-No. We know about this tradition more than most conservatives. On contrary, I see many people trying to compose in the “Bosnian traditional style” or in the “sevdalinka style” and they get disappointed after they are not recognized as “Sevdah”. Simply, it takes a lot of time to learn the idiom of this music and not many people take that time.
-You’ve shown that sevdalinka can have a vindication element, with lyrics like Sarajevo. To what extent can the Sevdah help to make a more just world of this world, to raise awareness?
-I really don’t know. Younger people recognize the impulses in these songs. They feel they have an ally in popular culture. Maybe that is enough for a small revolutions of mind to happen?! I don’t know. I opened in my lyrics many new topics that Sevdah never handled and it confused many people. They swallowed my abstract arrangements after ten years, they swallowed my non-folkish, leftist political attitude, but I’m not sure how will they on a long run handle my changing the focus of Sevdah. We’ll see. Conservative people will always hate new things and progressives sometimes cannot recognize the change is coming…
-Are art and culture the only two hopes for that, finally, BiH can wake up and escape from pessimism and stagnation?
-Individuals and small collectives are the proof that not everything is pessimistic and stagnating. Apart from art and culture, they are also some good examples of that in other industries. But for the general change, real politics has to do its part.
-What has to change so that BiH can have, finally, a strong civil society?
-To be honest, I have nothing interesting to say about that…
-People talks a lot about New Sevdah projection, about the “Golden Age of New Sevdah”, but that New Sevdah is about celebrating two decades of life. Are we not at risk that, if we keep repeating patterns and structures, we end up staying stuck? I’m talking about (and this is not your case) to continue using the same stylistic parameters in recordings, album after album; to continue to base those recordings and repertoire only in classic songs, and not look for something more original. Can’t it, all be detrimental to the future of the genre?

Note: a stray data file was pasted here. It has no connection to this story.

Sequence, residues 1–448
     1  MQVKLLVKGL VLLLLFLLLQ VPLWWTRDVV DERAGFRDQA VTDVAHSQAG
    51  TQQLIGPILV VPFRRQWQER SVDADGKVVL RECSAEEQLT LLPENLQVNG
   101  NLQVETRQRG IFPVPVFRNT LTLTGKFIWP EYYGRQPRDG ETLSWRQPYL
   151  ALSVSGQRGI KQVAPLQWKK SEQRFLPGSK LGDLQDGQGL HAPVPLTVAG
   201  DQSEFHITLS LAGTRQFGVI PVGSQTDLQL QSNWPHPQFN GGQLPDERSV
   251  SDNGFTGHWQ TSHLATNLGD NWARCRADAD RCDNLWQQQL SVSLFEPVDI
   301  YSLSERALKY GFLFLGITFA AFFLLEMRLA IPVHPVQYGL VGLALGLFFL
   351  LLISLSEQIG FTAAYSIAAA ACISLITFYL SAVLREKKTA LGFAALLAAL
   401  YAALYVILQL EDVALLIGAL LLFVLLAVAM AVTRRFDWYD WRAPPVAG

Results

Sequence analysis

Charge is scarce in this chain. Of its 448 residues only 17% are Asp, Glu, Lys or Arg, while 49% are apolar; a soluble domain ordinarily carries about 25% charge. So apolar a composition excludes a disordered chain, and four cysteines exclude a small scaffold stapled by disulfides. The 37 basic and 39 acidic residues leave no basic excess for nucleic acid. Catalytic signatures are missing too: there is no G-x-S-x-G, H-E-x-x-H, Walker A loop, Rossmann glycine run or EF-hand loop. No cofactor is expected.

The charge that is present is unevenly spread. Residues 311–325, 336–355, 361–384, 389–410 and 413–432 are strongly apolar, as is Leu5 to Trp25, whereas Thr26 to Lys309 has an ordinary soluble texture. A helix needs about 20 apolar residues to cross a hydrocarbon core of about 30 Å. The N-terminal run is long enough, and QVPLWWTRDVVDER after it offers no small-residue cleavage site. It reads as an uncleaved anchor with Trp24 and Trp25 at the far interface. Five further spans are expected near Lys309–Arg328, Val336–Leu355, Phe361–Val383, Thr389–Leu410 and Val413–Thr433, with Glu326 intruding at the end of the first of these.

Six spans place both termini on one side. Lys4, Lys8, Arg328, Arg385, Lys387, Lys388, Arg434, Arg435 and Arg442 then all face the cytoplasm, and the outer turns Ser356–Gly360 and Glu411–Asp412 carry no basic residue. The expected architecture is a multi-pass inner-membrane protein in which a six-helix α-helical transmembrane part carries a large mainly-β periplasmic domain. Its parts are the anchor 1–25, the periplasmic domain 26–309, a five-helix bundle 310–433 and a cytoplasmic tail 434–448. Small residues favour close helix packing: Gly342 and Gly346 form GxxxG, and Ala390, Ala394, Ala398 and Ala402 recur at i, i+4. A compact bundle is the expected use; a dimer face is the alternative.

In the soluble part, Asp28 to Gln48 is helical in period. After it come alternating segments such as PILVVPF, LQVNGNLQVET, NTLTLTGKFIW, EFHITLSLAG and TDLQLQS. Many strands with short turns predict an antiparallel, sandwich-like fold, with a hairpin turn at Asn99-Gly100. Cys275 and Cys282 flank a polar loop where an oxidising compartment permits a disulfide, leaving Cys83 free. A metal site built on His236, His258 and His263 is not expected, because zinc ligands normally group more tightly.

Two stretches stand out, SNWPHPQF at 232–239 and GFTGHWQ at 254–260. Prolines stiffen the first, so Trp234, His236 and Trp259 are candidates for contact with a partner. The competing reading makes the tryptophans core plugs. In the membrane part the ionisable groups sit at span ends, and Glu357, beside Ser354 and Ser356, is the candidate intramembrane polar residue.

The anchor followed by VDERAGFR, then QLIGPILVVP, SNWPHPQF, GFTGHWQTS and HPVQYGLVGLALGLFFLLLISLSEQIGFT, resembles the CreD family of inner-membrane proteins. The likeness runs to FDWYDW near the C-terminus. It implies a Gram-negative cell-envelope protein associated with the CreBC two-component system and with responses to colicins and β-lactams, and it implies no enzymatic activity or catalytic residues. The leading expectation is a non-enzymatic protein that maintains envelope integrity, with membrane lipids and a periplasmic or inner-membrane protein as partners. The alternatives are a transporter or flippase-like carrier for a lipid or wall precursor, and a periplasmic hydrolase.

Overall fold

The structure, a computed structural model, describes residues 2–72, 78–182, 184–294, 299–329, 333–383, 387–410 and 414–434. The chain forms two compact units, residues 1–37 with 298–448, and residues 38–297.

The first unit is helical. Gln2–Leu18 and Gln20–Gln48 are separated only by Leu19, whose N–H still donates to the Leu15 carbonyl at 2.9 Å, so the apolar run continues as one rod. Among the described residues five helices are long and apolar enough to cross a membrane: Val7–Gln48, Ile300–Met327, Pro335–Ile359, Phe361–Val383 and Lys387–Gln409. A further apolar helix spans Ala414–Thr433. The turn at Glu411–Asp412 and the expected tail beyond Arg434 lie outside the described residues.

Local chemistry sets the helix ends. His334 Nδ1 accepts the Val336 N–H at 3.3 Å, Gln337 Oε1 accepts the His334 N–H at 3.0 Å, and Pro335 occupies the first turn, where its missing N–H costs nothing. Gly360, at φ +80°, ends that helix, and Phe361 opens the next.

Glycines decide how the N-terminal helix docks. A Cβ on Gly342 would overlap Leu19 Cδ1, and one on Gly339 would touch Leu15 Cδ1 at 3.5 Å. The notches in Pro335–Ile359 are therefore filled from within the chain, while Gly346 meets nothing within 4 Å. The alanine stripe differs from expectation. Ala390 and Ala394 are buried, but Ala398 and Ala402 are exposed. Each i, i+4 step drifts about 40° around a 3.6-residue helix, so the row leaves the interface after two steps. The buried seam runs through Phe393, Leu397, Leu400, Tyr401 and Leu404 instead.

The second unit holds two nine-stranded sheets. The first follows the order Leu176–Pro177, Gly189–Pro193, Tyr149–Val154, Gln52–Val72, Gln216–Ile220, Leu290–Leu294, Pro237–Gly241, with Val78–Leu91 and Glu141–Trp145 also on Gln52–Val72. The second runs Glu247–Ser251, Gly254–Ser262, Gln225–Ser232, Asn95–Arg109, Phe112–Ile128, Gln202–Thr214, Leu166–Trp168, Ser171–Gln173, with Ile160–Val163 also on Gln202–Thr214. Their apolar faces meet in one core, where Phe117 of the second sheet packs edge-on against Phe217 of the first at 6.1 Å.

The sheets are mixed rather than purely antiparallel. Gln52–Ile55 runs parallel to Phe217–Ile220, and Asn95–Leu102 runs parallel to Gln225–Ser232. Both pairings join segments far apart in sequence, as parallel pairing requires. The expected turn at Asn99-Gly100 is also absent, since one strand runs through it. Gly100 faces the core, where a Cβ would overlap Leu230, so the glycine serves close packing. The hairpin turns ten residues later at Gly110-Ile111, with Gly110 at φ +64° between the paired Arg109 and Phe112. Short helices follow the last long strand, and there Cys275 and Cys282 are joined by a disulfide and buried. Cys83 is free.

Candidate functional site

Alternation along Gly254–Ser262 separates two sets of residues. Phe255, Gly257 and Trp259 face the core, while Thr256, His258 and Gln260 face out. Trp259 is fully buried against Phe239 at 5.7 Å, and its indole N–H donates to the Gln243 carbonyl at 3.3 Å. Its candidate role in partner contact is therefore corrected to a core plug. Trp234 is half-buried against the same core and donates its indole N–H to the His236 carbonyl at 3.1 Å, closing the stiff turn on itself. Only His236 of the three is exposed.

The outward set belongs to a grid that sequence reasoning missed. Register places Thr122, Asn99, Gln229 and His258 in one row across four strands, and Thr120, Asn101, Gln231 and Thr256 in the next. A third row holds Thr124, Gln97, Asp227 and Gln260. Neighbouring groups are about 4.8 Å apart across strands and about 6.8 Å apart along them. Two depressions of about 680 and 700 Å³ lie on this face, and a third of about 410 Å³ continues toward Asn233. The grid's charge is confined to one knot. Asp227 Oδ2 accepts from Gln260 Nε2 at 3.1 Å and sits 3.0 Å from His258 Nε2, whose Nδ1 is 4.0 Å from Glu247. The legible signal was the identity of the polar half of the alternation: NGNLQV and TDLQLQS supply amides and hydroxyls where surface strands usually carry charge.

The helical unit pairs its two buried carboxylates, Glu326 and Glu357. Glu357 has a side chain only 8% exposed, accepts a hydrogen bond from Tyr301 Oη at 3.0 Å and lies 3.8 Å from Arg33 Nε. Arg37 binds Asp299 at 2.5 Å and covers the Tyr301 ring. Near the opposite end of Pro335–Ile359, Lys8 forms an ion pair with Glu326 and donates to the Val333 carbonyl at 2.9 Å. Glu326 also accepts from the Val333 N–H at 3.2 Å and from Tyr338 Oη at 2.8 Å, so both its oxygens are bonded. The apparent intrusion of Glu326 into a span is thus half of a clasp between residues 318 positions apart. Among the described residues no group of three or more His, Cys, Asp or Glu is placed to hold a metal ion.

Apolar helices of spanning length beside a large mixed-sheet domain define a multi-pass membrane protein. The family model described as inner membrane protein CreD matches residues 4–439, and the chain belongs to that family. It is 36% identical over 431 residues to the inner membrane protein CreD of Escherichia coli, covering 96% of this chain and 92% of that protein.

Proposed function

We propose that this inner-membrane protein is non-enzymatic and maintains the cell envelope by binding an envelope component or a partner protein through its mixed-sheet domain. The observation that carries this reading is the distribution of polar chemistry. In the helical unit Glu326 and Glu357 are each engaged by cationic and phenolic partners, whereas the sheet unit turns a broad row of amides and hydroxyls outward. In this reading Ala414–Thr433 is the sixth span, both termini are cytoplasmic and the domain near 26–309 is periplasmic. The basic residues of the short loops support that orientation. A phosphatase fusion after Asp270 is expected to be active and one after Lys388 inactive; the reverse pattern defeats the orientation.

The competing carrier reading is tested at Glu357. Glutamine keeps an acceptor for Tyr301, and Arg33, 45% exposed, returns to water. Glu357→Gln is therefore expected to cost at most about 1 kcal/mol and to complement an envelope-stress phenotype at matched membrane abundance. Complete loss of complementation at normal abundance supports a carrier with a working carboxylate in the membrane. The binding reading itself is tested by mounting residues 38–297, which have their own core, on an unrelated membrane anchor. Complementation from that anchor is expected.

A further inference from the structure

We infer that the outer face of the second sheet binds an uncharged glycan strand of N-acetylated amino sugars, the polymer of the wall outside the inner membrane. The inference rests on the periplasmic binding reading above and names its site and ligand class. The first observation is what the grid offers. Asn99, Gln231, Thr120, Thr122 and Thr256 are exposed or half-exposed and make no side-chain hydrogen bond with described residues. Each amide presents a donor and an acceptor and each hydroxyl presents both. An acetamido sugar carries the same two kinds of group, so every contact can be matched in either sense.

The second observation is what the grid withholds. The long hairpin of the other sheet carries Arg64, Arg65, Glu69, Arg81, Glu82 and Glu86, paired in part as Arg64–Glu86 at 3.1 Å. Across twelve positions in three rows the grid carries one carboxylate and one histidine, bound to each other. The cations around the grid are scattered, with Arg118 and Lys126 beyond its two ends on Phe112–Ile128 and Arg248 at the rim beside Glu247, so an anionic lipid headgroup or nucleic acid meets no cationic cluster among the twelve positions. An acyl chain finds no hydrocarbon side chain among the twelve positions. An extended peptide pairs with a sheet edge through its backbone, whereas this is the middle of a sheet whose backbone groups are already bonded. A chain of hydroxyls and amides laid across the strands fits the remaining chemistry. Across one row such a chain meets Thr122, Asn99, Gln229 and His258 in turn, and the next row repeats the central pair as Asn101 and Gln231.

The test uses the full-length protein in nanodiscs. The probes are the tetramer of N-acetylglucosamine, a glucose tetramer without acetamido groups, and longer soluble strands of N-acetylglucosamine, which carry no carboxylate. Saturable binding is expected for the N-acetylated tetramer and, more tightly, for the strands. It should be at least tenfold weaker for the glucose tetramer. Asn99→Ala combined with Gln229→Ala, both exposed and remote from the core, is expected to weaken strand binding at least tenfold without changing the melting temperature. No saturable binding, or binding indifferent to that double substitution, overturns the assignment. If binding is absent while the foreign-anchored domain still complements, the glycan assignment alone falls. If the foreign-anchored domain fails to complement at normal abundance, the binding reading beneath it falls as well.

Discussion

-Yes. Both with performers as well as those who provide infrastructure for Sevdah (radio hosts, academics, critics). They just don’t notice how big a work has been done in recent two decades by individuals who created this new movement. Mostly they’re uninformed, without any international perspective, not being able to value music that is being created without foreign press providing the context for them. Younger performers often see Sevdah as just a repository of “new old songs”. As soon as their audience gets tired of 10 sevdalinkas they started with, they switch to pop or folk. That lack of awareness that Sevdah is the genre in which you need to have (as we talked above) also “an intellectual” dimension, that you need to spend some time in mastering it, that almost killed Sevdah as a genre in 1960s and 1970s. And is about to attempt at killing it again (by turning it into a pop-folk, Eurovision-like bullshit). They are not aware of it but conservatives are the leaders of this movement of killing the art of Sevdah.